Highlighting that the ideology of Daesh/ISIS cannot be reconciled with Sunni thought, Demir pointed to the importance of Turkey’s experience, which managed to combine religious values with democracy and pluralism for the struggle against Daesh/ISIS and similar terrorist organizations.
“Anatolian wisdom and experience is our most important ideological and soft power,” he said.
“Turkey should become more prominent in the fight against radicalization and should better explain its experience and soft power.”
Dissemination of accurate religious knowledge crucial
“The struggle in the field of security should continue as before, and also accurate religious knowledge should be disseminated to the groups who are potential candidates for the organization,” Mehmet Ali Buyukkara, deputy dean of the Faculty of Islamic Sciences at Istanbul Sehir University, told Anadolu Agency.
He said the transfer of the experiences of those who have left Daesh/ISIS will also make a positive contribution to the struggle against the terror group.
Efforts to prevent the radicalization of potential groups, especially the relatives of Daesh/ISIS militants, should continue, he added.
Tens of thousands of Daesh/ISIS families and their children should firstly be released from the prisons and removed from the camps in Syria and Iraq so they can live in more humanitarian conditions, and after that, they should be put on trial, according to Buyukkara.
Violent extremism outcome of nebula of problems
Even if Baghdadi’s death hurts the will of the group, it cannot completely break it, as Daesh/ISIS is a “sociological phenomenon”, Baris Caglar, a political scientist at MEF University in Istanbul, told Anadolu Agency.
“Nothing has finished, but the group has certainly been weakened after its leader’s death,” Caglar said.
He described Daesh/ISIS as an ideology and as “the manifestation of the transformation of an anti-system sociological movement into violence.”
“Al Qaeda or Daesh/ISIS are the current labels that signify an anti-hegemonic violent sociological movement whose drivers are worldwide problems emanating from an economic, political and identity-crisis variety.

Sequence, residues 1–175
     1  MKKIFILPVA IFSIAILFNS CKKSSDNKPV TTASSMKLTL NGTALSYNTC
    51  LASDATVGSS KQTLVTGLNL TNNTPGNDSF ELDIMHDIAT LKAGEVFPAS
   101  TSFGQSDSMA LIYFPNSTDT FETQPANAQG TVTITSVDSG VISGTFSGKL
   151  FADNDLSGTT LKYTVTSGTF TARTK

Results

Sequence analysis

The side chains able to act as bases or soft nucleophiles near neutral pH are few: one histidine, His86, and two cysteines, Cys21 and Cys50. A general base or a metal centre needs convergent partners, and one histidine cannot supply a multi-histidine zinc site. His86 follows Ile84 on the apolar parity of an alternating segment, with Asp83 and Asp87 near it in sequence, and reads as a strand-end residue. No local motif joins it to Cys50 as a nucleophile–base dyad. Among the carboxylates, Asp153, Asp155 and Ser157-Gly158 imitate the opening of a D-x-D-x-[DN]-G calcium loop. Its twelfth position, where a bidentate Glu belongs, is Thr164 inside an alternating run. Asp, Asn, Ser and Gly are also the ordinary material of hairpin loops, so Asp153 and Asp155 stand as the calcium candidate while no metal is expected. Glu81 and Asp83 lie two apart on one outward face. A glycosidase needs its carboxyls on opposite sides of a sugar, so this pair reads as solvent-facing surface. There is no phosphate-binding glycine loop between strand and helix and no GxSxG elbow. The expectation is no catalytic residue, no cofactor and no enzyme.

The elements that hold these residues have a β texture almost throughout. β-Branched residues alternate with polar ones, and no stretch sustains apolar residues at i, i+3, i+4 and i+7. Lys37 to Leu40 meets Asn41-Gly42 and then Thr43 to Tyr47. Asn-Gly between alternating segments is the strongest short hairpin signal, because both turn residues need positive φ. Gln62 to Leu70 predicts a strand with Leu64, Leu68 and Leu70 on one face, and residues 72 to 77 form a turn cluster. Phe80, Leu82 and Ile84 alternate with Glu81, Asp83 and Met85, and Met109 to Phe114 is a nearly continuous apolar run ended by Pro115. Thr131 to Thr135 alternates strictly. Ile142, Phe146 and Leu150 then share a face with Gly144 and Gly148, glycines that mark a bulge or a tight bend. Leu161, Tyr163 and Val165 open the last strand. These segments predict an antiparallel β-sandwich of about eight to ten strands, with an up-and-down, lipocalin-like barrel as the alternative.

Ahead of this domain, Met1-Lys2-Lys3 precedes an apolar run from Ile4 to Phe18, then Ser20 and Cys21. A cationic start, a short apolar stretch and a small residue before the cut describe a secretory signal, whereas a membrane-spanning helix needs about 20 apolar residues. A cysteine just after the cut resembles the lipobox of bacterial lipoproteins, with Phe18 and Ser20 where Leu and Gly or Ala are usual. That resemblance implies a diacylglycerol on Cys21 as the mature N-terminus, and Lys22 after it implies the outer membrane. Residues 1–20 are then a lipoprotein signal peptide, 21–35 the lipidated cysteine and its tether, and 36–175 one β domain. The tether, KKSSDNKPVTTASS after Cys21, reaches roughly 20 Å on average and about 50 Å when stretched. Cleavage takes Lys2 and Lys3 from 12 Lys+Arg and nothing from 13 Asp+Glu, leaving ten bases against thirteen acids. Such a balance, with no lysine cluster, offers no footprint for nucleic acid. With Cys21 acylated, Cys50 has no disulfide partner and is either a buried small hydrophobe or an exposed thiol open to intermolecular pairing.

“Even if Daesh/ISIS dies as a brand or name, the pertinent sociological ills will keep on manifesting themselves in other guises, groups, and names,” he warned.
“The vocabulary is certainly religious, and its deviant ideology plays an important role in driving people to violence.”
Caglar said violent extremism is “not only about a particular interpretation of a religion”.
Violent extremism is the outcome of a nebula of problems, he said, which afflicted all people across the globe.
“Globalized security makes it everybody’s problem, and what people do or do not do about it plays a part in its curtailing or expansion,” Caglar said.
Daesh/ISIS as ‘virtual movement’
Caglar added that Daesh/ISIS had a great influence of “virtual radicalization” which was never reached before by any terrorist organization with its graphic videos and regular social media broadcasts.
“Significantly, Daesh/ISIS has been a virtual movement with and through its social media power,” he said.
Underlining that the terror group would maintain its claims of a caliphate, Caglar stressed that as the organization now lacked a physical domain, it would be more effective in the virtual space.
“The organization will continue to make caliphate propaganda and recruit supporters via the Internet,” said Caglar.
He highlighted that this strong virtual influence could not be destroyed only by killing the leader of the terror group.
“It still recruits people of many different backgrounds even after its leader’s incapacitation,” he added.
Daesh/ISIS will continue to exist as an “ideology” or a “discourse of violence” rather than establishing a physical domain, he stressed.